Several months ago, West Baton Rouge resident and sports enthusiast L.J. Dupuy received a phone call that would send him on a long, tedious and rewarding journey into the past.
When Dupuy picked up his phone, an unfamiliar voice on the other line garnered his attention. Barrett Murphy, a coach with more than 40 years experience and a sports radio host, called Dupuy to inquire about his time at Brusly High School in the 1950s, particularly the school’s six-man football program.
“(Murphy) was putting together a book,” said Dupuy. “He’d been to every school in Louisiana that had played six-man football, and that was a total of 75 schools.”
Murphy told Dupuy that he had visited Brusly High, along with many other high schools throughout the state and spoken with members of the staffs and faculties about the history of their football programs.
“He had been talking to the principal, (Walt) Lemoine, and he suggested he talk to me. I could tell him a lot about my time at Brusly, but I didn’t know about the other times,” said Dupuy, who is 70. “Going back and trying to find information, it was very little.”
The conversation Dupuy had ignited in him a passion and sent him on a quest to find the history of Brusly six-man football.
“His book is going to be really nice,” Dupuy said. “But what about the everyday Brusly High School football?”
The question burned; so the research began.
Dupuy scoured old school yearbooks, finding pieces of information about past teams. He went to friends and neighbors, acquiring photos and old school newspapers articles.
The project soon became one that began to interest many others around the community.
On November 21, Dupuy held a meeting in the Addis Civic Center to begin creating a database of former players, coaches, cheerleaders, homecoming queens, etc., and also to speak with individuals about their experiences while in school.
“Establishing a base for us to develop the history of Brusly High School football was the purpose of the meeting,” Dupuy explained. “We got pictures and write-ups, some old school papers. Enough to where you could put together a plan to attack this thing. It’s not going to be an easy project – it’s going to take time.”
Dupuy said he has spoken to officials in Addis and Brusly, as well as the WBR Museum, and has arranged for his findings to be housed at the Addis Town Hall and the Brusly Town Hall. He also said that once the research is complete and items are collected, the museum will have it on display as an exhibit.
“We should be able to get a really nice history of the program,” Dupuy said.
L.J. Dupuy, whose full name is Lynn Joseph Dupuy Jr., said that his interest in the history of Brusly High’s six-man football really came from his being a part of that history - “Lightning Joe” Dupuy played from 1958-1961, and was a freshman on BHS’s state champion team.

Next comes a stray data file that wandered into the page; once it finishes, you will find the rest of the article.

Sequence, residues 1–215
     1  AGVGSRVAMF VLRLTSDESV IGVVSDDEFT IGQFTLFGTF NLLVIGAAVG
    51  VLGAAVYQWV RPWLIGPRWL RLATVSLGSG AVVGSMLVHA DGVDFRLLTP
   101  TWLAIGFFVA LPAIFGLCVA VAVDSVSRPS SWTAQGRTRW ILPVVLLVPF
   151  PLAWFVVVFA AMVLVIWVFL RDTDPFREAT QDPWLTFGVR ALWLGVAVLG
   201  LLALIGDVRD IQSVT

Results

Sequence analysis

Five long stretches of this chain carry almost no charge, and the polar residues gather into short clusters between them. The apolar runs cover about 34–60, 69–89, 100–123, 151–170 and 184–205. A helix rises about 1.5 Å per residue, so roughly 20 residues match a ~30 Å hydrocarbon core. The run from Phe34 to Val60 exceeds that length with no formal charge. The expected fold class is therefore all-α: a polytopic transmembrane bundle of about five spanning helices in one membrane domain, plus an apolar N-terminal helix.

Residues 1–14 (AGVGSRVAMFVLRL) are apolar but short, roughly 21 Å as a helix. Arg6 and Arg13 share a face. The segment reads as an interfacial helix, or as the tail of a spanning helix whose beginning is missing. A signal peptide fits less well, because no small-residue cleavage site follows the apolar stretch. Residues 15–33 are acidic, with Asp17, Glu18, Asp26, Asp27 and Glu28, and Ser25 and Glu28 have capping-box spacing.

He said that he found the basics of the football program, and far beyond, in his research so far, but will continue to procure more information and paraphernalia as it becomes available.
Brusly’s football program began in 1949 as a six-man team until 1964 when they moved to an eight-man team for a year before becoming an 11-man team in 1965.
“In 1949 when it did start, they went 1-8. Not too many people know that,” Dupuy said. “Their second year, they went 8-1 and ended up in the Buras, La., Orange Bowl – which at that time was a prestigious event. That kind of got me excited, and from there I started trying to find each player so I could have some people to go to.”
The meeting Dupuy held in Addis last month helped him come in contact with others who could provide more history on the program, the school and the era.
“Roy Mouch, former Police Juror, and Rod Prejean, former mayor of Brusly, both played on the ’49 team – that’s how I found out when it really started,” Dupuy said.
He said that he spoke with Rosemary Sarradet Babin, the first BHS Homecoming Queen, and was able to hear about her perspective of the community at the time.
“It was a big thing to be the homecoming queen at Brusly High School,” Dupuy said. “It was the biggest thing in the community.”
He said that much of the credit for the football program belongs to James Campbell, who coached the team in its first two seasons, in ’49-’50.
“He was able to get the whole community behind the team,” he said. “Think back to those days, you didn’t have anything: you didn’t have a movie theater, didn’t have a bridge… you develop a program in a small town like Brusly and all of a sudden it is what the town is – everybody’s going to support it.”
Now-Parish President Riley “PeeWee” Berthelot played on the 6-, 8- and 11-man teams during his tenure with the BHS football program from ‘64-’66.
The end of the six-man football era at BHS into the current 11-man, Dupuy claims, can be directly attributed to the construction of the Dow Chemical plant.
“Dow Chemical had a huge impact on it going to 11-man football. They brought a lot of people in,” Dupuy said. “It was a huge jump in the attendance at Brusly High School and that’s attributed directly to the industry that moved to the westbank.”
Dupuy said that he is simply collecting all the information he can right now – a process that he will continue for a while.
“I’m still looking for all the angles, but the main thing is to get the history,” he said.